Nick rides to Iran in search of father he has never seen

Nick Shields is training hard ahead of his epic 3,500-mile cycle adventure to find his Iranian family

Nick rides to Iran in search of father he has never seen

Nick Shields is cycling more than 3,500 miles to Iran – hoping to find the father and family he has never met.

The 56-year-old Cycling UK member was adopted as a baby and is English through and through, but the land of his real father’s birth is proving a magnet he can no longer resist.

Nick is a larger-than-life character with an astonishing tale to tell – a maverick who has worked in the circus, been a gig promoter and, by his own admission, enjoyed a highly successful career as a hedonist in his early years!

Now an IT manager, he has decided to leave everything behind and put all his savings into cycling to the Middle East, having raised some cash for the trip by taking part in medical tests.

Nick is leaving his lodgings next Monday (11 July) and will depart the country a few days later, destination Iran.

He said: “Earlier this year I was chucked out of my flat but it didn’t cause the urgent push to rehouse myself that I expected, despite the concern of some of my friends and the looming spectre of homelessness.

“I began to reject the idea of committing to another spell inside yet another private, money-sapping let and the idea popped into my head that I was going to cycle to Iran.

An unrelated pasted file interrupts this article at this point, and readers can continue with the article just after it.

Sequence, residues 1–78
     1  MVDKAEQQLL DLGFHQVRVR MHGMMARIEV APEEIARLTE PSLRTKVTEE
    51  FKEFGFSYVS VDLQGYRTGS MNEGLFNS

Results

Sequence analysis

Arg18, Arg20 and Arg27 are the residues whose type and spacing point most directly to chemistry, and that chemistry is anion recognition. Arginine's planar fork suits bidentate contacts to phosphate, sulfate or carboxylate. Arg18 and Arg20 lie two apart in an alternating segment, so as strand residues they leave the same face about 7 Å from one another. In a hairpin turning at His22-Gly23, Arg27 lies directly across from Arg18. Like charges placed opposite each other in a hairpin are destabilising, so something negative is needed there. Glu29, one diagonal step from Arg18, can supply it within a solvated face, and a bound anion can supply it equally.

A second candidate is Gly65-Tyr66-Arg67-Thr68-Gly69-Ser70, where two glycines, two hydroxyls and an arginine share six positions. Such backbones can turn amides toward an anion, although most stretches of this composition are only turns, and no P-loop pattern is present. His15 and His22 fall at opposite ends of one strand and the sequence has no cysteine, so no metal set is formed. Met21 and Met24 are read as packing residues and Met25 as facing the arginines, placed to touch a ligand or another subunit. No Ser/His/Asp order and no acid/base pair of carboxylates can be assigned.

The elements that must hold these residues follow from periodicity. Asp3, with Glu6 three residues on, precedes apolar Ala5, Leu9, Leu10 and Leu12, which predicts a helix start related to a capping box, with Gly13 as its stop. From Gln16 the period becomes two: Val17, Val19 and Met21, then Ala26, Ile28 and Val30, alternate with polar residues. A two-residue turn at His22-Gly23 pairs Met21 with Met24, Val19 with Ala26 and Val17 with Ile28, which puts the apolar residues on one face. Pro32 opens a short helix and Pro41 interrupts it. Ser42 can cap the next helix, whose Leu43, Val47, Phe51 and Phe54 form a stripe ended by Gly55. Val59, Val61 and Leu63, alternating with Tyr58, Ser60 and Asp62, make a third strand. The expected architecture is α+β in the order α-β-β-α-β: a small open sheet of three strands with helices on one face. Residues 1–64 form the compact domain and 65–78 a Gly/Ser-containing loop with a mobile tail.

“Some years ago I spent three seasons working as an engineer for Snapdragon Circus, which was based in my home town of Hebden Bridge in West Yorkshire.

“As well as touring the UK and Europe we spent a week in Israel. I suddenly felt this incredible affinity with that part of the world – even my skin changed colour to an olive tone in the sun.

According to my adoption certificate, my blood father was called Hamid Hamidi. He was born and grew up in Persia, modern-day Iran, and was studying dermatology in London when he met my mother. When he heard I was on the way you couldn’t see him for dust.”

Cycling UK member Nick Shields

“I was adopted and didn’t know then that my father was Iranian, but in hindsight it all makes sense the way I felt in the Middle East.”

Nick was brought up by George and Betty Shields and has a sister, Jackie.

He explained: “I consider them to be my family but we have not got on for a long time and any hope of reconciliation ended last year when Mum died and Dad had become so angry that he didn’t want to speak to me again. Neither does Jackie.

“I went to Mum’s funeral and spoke at length with family friends, but barely with Dad and sis. Perhaps I have to ruminate as to why I am so inept where matters of family are concerned – maybe I would benefit from an opportunity like this bike ride to reflect on it all.